Russ Hunt's Reviews

Forever Plaid
by Stuart Ross

Theatre New Brunswick
October 18-20, 2007

For people who've cared about theatre in this area, and have thus cared about Theatre New Brunswick since Walter Learning launched the quixotic venture almost four decades ago, opening nights for the past few years have been rather like visits to the bedside of a loved one. Each time, you hope you'll see signs of recovery, and you look anxiously for positive evidence, listen for the voice to strengthen, for the old jokes and joie de vivre to make an appearance, hoping against hope that this time of awakening, this regaining of consciousness, will offer the signal that your old friend is on the mend. Maybe soon you'll be in a position to stop wondering whether it's okay to tell her she's wrong about something, or has made a dumb choice -- whether you can once again treat her as a resilient, valuable, trusting friend.

And, of course, you can't help thinking about the old days, when she was strong and when mistakes didn't run the risk of being fatal. In the case of TNB, those were the days when shows ran for a half dozen performances or more in Fredericton and then toured for most of a month, when the occasional turkey didn't run the risk of putting the patient on life support, when you could take a risk like Waiting for Godot or Equus and ride out the storm, knowing you'd stretched and challenged your audience and you could hope that they'd be back with new and deepened expectations the next time.

It should be clear from all that that I'm about to tell my old friend, even though I'm afraid it may not be taken well, that a dumb choice has been made.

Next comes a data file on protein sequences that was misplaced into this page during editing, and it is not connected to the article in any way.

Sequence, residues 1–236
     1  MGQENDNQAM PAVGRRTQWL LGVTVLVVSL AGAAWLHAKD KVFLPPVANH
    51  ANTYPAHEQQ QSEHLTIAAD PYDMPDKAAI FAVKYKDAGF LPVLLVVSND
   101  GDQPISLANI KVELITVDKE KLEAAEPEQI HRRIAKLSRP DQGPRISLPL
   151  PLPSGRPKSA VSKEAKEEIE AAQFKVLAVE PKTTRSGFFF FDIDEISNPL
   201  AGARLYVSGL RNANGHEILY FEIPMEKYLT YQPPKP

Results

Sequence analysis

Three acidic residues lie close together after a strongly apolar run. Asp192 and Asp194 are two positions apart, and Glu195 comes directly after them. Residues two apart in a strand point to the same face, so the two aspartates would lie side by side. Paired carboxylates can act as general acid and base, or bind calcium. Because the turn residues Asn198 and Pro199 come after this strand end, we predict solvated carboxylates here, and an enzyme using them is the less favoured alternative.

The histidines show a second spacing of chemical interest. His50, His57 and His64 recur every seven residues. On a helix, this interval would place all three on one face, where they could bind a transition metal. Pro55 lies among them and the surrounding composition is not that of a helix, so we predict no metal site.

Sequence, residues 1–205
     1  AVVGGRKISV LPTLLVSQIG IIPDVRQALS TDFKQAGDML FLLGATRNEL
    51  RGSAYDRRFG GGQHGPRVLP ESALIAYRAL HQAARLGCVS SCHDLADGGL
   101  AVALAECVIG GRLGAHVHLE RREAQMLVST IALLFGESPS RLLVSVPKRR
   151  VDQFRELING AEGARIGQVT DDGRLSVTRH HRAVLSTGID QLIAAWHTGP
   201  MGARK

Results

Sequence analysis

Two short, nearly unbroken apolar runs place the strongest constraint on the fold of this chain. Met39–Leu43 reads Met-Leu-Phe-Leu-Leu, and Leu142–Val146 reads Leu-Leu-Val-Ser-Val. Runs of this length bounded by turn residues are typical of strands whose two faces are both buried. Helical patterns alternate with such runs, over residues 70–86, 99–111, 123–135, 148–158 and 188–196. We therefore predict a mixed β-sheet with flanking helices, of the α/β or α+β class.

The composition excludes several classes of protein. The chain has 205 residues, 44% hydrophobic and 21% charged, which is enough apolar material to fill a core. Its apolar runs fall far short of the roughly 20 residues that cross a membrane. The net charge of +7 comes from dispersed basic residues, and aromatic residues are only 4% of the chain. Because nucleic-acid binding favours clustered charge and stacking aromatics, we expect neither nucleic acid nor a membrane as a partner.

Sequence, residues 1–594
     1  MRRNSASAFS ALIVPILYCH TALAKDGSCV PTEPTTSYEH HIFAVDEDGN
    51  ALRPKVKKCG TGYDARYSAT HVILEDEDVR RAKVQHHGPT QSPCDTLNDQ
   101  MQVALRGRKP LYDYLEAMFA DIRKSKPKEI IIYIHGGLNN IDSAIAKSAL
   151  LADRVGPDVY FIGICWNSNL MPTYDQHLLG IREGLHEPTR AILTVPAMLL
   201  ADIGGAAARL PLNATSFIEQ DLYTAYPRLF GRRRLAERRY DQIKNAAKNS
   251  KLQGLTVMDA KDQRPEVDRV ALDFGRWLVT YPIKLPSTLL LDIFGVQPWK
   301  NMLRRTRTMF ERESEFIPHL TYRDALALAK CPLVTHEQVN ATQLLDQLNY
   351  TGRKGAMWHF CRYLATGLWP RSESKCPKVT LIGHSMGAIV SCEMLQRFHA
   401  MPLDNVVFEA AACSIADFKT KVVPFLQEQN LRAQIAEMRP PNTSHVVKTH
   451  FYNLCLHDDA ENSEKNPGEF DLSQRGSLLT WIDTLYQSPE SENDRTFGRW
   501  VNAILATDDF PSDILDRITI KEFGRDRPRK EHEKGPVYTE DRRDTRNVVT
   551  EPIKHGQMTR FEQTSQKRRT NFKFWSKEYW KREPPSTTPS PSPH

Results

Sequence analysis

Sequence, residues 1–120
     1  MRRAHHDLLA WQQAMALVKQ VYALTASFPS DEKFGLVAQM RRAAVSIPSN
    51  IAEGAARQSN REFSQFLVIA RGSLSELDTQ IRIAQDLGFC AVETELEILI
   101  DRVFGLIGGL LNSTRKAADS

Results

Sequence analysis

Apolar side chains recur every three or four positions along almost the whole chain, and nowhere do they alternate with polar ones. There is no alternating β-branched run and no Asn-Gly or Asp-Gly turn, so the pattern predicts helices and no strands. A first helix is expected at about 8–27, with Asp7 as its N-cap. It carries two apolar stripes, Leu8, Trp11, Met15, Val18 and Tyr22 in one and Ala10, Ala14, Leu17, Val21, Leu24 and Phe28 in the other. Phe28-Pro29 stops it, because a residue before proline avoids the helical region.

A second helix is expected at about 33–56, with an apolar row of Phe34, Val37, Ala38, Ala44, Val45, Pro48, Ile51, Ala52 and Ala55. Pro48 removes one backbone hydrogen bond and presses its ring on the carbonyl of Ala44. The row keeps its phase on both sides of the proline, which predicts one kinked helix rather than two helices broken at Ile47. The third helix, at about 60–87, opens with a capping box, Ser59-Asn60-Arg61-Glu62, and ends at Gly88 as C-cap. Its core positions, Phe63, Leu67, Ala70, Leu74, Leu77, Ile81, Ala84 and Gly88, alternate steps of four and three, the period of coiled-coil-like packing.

Forever Plaid is a fine bit of entertainment, a nice way to spend an evening sipping a kind of postmodern, faux-sentimental nostalgia for the old days when the Four Freshmen and the Hi-Los were shaping the musical ears of a generation that would eventually give rise to the Beach Boys and perhaps the Beatles. In the Theatre New Brunswick production that opened the current season, four young (or youngish) actors -- Trevor Covelli, Aaron Kyte, Michael Lomenda, and Kraig Waye, as the four "Plaids" -- Jinx, Francis, Smudge and Sparky -- sing amazingly well, dance the not especially inspired choreography skillfully, and mug effectively. The audience responds to a repeated -- and very effective -- extortion of feeling through close, passionate harmony, in the service of songs we all either remember vividly or vaguely recognize, depending mainly on our age.

The resources of the Playhouse -- the usual professionally excellent lighting of Chris Saad, a sound system which can be, and usually was, subtle and effective, and the requisite smoke, bubbles, and disco-ball lighting for the grand finale -- did yeoman service. But in the service of what wasn't clear to me. Once you've said that the music -- a kind of parade of slightly hyper-arranged versions of what the program notes called "unforgettable hits" -- was just fine, and at least as entertaining as an evening in front of the TV, you've said pretty much what it seems to me needs to be said.